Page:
Today, I’ll continue with the discussion of assessment I began a few weeks ago. Last week, I ended with the observation that “The performance of our students determines our expectations, rather than the other way around.” Before continuing, I just want to make clear the context for that remark. When I wrote this essay, IMSA was fully funded by the state of Illinois.

What would it look like to legislators — who approved our funding — if you brought in the top students (relative to their local regions), and then they regularly received low grades, or worse yet, flunked out? Not good. And because the admissions process was fairly involved, would this indicate a major flaw in this process?

Yes, some students couldn’t handle the high-pressure academic environment. But I know that in several of my classes, a student needed to work hard *not* to earn at least a C. In other words, showing up, handing in homework on time, and doing a reasonable amount of studying for quizzes and exams would usually guarantee a grade of at least a C.

Now is not the time to dive more deeply into this artificial adjustment of expectations, but I did want to mention that this issue is a significant one, even at presumably elite schools for mathematics and science students.

So to continue with the essay….

“Now there is a natural give-and-take between evaluating student performance and setting expectations. And, of course, the above remarks are nothing but generalizations. But they illustrate some of the important issues at hand, and may bear fruitful discussion.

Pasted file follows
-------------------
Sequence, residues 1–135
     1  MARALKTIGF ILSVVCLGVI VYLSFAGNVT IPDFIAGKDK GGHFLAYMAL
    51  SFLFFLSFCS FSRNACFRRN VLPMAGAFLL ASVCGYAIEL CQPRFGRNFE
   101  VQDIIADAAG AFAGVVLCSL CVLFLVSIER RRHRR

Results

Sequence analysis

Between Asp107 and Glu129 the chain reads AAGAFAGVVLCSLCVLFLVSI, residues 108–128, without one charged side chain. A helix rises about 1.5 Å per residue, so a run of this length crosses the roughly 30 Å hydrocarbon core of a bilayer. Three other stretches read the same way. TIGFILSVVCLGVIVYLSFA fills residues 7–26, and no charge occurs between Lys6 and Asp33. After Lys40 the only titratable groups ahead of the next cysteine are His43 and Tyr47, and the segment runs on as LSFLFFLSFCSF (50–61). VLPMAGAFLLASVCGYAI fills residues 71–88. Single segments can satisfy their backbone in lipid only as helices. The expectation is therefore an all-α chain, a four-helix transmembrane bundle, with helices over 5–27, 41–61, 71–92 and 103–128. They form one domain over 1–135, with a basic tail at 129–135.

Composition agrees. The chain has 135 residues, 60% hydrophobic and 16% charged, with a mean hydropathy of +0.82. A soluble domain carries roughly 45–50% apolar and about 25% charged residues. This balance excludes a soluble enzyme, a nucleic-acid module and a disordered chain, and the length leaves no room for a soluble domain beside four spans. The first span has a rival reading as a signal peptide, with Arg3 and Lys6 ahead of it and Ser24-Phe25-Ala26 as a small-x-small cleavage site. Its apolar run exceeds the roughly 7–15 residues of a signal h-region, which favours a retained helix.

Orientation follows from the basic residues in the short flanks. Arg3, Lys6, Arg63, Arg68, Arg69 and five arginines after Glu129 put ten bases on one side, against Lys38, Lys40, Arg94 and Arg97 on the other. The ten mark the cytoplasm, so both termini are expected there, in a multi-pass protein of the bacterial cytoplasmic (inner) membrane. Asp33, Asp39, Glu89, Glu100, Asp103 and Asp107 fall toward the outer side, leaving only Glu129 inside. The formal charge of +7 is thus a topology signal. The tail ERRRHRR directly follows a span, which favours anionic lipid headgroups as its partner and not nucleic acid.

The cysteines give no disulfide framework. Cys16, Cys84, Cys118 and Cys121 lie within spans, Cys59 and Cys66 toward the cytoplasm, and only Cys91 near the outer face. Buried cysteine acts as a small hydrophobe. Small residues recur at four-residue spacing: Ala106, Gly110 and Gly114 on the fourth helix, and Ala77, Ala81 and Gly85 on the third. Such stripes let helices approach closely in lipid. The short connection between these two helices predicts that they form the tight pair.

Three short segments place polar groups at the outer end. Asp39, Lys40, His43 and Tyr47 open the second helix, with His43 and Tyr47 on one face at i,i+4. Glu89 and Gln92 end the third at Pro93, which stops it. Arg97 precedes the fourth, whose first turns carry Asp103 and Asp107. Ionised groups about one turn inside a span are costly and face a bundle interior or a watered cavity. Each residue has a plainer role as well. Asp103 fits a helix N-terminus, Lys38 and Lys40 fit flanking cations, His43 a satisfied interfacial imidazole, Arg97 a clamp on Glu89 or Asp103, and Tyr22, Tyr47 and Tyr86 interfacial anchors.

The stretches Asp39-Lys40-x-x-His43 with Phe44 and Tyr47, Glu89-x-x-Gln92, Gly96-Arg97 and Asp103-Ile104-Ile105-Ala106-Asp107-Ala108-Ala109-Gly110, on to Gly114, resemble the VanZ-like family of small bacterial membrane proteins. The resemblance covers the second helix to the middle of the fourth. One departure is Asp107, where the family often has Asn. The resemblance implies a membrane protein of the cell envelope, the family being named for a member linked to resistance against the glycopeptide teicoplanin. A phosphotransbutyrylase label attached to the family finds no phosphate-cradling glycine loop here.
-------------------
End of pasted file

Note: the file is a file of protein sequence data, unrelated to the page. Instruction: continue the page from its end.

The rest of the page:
Moving to more concrete issues, I believe that the assignment of letter grades on exams in BC Fast-Track [recall, this was the colloquial name for the Honors Calculus sequence] was, on the whole, successful. Without going into unnecessary detail, the classroom environment was such that the assigned grades were *meaningful* to the students. To give a few examples, I assigned a grade of A+ for truly outstanding work, perhaps only a half-dozen times throughout the entire semester. The students knew this, and so that accolade truly meant something.

Moreover, an A meant something as well. It was truly rewarding to see the real pride of a student who, used to earning grades in the B range, began to earn the occasional, or perhaps more frequent, A. Admittedly, students who made it to the second semester were essentially guaranteed a grade of no lower than a B-. But this seemed to make an A that much more meaningful.

So student exams had two letter grades on them — one for the skills portion of the exam, and one for the conceptual portion of the exam. No points were assigned, and few comments were made. Students were expected to rework problems on which they made errors.

I bring up this point because I think this system of assigning grades really did motivate students to *learn calculus* rather than *accumulate points.* This is the critical issue: I suggest that the way we assign grades does little to disabuse many students that taking a mathematics course is about accumulating sufficiently many — or losing sufficiently few — points.

Let’s take a particular example. The past few semesters, I stopped assigning half-points on assessments [the usual practice at IMSA]. I might forgive a sign error now and then, but too many on a single assessment would warrant a point or two off.